Amebic liver abscess: Spare the knife but save the child
Background/Purpose: Amebic liver abscess (ALA), the most common extraintestinal manifestation of infection with Entameba histolytica, carries significant morbidity and mortality in the pediatric age group. The efficacy of metronidazole in the treatment of ALA is well established, but the role of surgical intervention remains controversial. Many investigators still advocate aggressive surgical therapy for complicated and ruptured ALA. Reports regarding management of ALA in children are sparse and deal with small numbers of patients. The objective of this study was to assess the effectiveness of parenteral metronidazole combined with judicious aspiration of ALA in obviating the need for surgical intervention.
Methods: The medical records of all children admitted with the diagnosis of ALA between 1986 and 1997 to the Aga Khan University Hospital were reviewed retrospectively. The diagnosis of ALA was confirmed in 48 patients by an ultrasound scan together with elevated indirect hemagglutination (IHA) titres (>250). Ages ranged from 3 weeks to 14.5 years.
Results: Thirty-seven (75%) children were below the fifth percentile for height and weight, and 45 (93.7%) presented with a hemoglobin level of less than 10.0 g/dL. Comorbid factors included pulmonary tuberculosis (n = 2, chicken pox (n = 1), tetralogy of Fallot (n = 1), and thalassemia major (n = 2). There was a mean delay of 13 days before presentation to the hospital. All patients were treated with parenteral metronidazole and broad-spectrum antibiotics. The latter were discontinued on confirmation of the diagnosis. The duration of treatment with metronidazole ranged from 2 to 5 weeks. Percutaneous aspiration of the ALA was performed under ultrasound guidance using sedation in 28 patients for one or more of the following indications; ALA greater than 7.0 cms (n = 20), left lobe involvement (n = 8), and no response after 48 hours of medical therapy (n = 6). Nine patients required more than one aspiration. One patient with peritoneal rupture of the ALA additionally underwent percutaneous aspiration of the peritoneal cavity under ultrasound guidance. One patient required insertion of a chest tube after rupture of the ALA into the right pleural cavity, and another underwent urgent bronchoscopy after rupture of the abscess into the tracheobronchial tree. The hepatobronchial fistula closed spontaneously with medical therapy. No patient required open surgical drainage, and all recovered without relapse. The mean duration of hospitalization was 12 days.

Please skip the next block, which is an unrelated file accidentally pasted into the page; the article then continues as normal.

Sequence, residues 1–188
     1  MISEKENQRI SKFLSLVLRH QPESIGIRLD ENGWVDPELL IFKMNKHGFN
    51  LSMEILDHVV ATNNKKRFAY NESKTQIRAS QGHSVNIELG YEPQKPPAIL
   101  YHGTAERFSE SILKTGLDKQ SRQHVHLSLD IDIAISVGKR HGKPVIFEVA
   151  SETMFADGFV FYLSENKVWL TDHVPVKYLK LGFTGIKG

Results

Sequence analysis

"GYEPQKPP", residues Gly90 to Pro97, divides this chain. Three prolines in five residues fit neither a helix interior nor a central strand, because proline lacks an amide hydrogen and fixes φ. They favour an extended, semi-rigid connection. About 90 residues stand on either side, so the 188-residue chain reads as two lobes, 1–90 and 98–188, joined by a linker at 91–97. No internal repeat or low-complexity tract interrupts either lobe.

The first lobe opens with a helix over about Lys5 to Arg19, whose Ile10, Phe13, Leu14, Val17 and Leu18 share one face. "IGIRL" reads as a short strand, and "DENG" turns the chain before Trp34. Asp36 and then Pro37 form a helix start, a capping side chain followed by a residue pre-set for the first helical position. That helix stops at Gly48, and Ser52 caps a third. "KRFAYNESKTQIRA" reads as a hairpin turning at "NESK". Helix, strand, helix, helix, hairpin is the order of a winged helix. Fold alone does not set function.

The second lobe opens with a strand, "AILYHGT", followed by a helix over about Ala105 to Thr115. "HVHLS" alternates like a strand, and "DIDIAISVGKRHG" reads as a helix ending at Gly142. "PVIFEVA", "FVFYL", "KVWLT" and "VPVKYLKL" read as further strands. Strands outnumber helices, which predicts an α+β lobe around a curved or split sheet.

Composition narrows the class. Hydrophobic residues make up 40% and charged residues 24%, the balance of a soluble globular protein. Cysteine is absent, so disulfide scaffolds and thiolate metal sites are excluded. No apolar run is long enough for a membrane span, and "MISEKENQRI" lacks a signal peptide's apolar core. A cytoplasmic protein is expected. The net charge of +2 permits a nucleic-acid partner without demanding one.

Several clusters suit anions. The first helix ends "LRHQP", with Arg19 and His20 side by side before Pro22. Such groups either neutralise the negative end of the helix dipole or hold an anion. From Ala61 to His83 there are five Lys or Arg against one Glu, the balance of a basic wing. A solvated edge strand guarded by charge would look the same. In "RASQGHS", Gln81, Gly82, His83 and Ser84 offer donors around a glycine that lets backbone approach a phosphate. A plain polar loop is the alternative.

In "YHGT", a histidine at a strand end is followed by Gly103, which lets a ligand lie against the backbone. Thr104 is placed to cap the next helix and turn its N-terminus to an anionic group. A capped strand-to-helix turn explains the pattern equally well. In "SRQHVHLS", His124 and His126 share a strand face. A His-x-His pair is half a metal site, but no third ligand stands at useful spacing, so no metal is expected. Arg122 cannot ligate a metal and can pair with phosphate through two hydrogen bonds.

Conclusion: Our experience suggests that parenteral metronidazole combined with timely aspiration of the abscess can obviate the need for surgical intervention in large and complicated ALA even in malnourished children who present late for treatment.
Journal of Pediatric Surgery
(1998). Amebic liver abscess: Spare the knife but save the child. Journal of Pediatric Surgery, 33(1), 119-122.
Available at: https://ecommons.aku.edu/pakistan_fhs_mc_surg_paediatr/15